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Limit the number of embryos transferred in IVF, essay says

May 14, 2010 |  6:00 am

The United States should adopt a law similar to what is practiced in Sweden allowing, in most cases, only single-embryo transfers during in vitro fertilization treatment, according to an essay published Thursday in the Hastings Center Report.

SulemanBaby Infertility doctors have been urged for several years to voluntarily limit the number of embryos transferred during IVF in order to avoid multiple births, such as the famous eight babies born last year to Los Angeles resident Nadya Suleman after IVF treatment.

Studies show that success rates are still good in healthy women when only one embryo is transferred instead of two or three. But the informal policy, while reducing the rate of high-order multiples, hasn't had as much success in lowering the rate of twin births. Any birth of multiples increases the risks of complications to both the babies and mothers and significantly increases healthcare costs. Many couples would rather have twins or triplets than pay out-of-pocket for multiple single-embryo transfers to build their families, notes the author of the opinion, David Orentlicher, of the Indiana University School of Law.

That's why he suggests that the United States enact legal limits to transfer only one embryo. Double-embryo transfer could be permitted for women at low risk of multiple births or because of a woman's age or medical history. Such a law reduced multiple births in Sweden from 35% to 5%, he said in his report.

"If the outcomes were similar to those in Sweden, and if transfer restrictions were coupled with insurance coverage of IVF, the restrictions would not limit reproductive rights," Orentlicher wrote.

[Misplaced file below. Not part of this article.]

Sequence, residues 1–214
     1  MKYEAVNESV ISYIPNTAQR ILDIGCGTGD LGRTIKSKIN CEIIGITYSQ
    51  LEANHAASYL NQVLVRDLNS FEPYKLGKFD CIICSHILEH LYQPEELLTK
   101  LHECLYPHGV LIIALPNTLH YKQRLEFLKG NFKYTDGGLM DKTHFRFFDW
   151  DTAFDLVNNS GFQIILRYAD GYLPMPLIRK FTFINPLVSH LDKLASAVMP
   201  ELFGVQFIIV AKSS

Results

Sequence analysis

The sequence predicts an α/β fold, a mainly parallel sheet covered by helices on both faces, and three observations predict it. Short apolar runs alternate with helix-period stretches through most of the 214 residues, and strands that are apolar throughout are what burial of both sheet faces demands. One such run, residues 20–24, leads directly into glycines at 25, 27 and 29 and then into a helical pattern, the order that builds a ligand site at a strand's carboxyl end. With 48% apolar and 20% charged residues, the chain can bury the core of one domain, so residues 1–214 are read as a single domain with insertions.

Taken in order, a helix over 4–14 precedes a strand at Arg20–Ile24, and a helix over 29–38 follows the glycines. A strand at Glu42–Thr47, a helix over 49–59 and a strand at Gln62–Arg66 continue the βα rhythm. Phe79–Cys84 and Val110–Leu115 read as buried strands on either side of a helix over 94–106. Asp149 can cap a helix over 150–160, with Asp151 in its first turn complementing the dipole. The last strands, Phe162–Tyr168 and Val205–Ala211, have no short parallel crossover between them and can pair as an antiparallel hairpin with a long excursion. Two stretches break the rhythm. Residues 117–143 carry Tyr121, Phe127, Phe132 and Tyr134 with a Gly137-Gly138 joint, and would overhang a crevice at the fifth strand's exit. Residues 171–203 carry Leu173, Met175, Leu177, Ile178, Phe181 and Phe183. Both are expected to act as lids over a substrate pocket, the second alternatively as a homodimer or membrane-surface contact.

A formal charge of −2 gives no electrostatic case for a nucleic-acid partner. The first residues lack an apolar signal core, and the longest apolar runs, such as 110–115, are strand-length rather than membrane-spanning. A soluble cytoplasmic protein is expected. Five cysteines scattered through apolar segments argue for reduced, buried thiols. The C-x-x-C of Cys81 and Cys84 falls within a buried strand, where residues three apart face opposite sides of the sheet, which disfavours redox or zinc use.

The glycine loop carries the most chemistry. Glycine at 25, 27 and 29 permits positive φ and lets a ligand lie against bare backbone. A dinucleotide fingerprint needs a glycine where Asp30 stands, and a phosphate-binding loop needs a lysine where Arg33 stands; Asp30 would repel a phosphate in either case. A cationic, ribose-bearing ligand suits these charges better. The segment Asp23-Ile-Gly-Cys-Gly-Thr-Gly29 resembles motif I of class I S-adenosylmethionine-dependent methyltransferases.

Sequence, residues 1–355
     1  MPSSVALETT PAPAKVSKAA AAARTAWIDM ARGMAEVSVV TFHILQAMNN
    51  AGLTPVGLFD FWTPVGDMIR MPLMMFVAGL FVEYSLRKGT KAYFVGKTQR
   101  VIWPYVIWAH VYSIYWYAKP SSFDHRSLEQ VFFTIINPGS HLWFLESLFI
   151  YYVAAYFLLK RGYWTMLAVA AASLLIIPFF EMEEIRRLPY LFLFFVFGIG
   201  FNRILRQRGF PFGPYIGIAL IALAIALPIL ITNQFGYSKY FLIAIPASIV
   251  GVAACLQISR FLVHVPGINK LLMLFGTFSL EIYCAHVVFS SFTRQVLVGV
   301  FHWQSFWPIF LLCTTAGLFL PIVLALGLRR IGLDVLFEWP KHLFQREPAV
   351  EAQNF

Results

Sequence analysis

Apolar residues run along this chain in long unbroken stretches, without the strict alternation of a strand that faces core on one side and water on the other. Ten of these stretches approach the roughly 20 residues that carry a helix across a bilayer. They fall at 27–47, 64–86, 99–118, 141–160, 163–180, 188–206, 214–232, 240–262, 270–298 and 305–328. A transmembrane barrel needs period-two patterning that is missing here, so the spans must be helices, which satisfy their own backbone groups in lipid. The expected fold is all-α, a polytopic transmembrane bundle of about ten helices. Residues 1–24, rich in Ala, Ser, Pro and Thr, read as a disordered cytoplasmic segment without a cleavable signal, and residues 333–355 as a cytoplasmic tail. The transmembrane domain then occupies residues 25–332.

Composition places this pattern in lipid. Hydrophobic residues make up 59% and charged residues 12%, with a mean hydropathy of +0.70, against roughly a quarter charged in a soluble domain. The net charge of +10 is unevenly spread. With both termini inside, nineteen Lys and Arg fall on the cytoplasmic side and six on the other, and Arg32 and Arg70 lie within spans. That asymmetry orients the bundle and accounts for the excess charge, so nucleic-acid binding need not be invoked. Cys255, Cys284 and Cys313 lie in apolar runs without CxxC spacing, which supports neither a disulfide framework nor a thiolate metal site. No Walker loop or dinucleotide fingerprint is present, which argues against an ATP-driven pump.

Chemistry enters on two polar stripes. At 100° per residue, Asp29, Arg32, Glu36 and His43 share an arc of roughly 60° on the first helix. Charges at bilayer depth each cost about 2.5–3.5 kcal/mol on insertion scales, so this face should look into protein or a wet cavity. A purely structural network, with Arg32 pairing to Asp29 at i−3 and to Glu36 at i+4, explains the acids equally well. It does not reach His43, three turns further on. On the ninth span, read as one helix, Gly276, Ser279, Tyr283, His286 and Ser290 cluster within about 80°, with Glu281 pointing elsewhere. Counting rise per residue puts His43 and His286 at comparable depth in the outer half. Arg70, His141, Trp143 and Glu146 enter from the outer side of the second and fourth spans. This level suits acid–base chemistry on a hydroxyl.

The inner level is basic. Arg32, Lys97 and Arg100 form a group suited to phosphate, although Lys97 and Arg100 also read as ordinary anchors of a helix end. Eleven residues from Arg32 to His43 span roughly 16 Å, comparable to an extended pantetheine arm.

— Shari Roan

Photo: One of the Suleman octuplets born in January 2009. Credit: Associated Press. 

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Comments (1)

My feelings on this: I am an infertility specialist in Monterey, California. I don't want government intrusion into decisions between Physician and Patient no matter what the topic. Our legislators and their beaurocrats do not know the patient personally, and therefore, cannot make decisions for each individual. Instead, they place "general" rules affecting everyone that does not allow for the exceptions. They base their decisions on things like statistics, which is only a reflection of reality not a truth, or the greater good, which is very dependent on the current beliefs, or, worst of all, cost-benefit analysis, which takes out personal situations completely. SET is NOT ready for general consumption in the U.S. where patients are paying for their care. It requires multiple attempts just to equal the pregnancy rates of one attempt with multiple embryos, which most patients cannot afford. In addition, the average age of my patients in my last IVF cycle was 38 years old, of which several were 40 years old or more. SET in those patients would be an exercise in futility, a waste of their money, and most of all, the cause of great emotional distress. We have not perfected the means to determine the ideal embryos yet, so instituting a generalized SET requirement is like instituting a medication that only has been partially tested and/or only works partially. We don't allow that in the U.S.


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